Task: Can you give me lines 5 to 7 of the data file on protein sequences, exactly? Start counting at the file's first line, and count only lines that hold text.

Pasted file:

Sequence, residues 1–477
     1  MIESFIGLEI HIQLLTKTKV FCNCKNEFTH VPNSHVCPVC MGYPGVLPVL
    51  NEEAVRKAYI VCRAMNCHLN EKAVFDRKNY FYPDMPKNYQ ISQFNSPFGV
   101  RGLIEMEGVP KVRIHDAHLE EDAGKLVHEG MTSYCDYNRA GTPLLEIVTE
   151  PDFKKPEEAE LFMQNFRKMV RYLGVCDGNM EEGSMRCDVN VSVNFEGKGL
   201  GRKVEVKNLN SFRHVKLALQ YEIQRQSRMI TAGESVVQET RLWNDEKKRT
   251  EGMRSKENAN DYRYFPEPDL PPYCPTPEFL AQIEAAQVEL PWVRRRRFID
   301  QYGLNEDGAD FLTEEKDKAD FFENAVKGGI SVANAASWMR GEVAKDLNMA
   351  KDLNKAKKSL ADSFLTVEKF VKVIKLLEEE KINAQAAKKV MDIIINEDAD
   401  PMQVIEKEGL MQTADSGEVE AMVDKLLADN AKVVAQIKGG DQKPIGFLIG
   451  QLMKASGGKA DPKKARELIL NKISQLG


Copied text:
   151  PDFKKPEEAE LFMQNFRKMV RYLGVCDGNM EEGSMRCDVN VSVNFEGKGL
   201  GRKVEVKNLN SFRHVKLALQ YEIQRQSRMI TAGESVVQET RLWNDEKKRT
   251  EGMRSKENAN DYRYFPEPDL PPYCPTPEFL AQIEAAQVEL PWVRRRRFID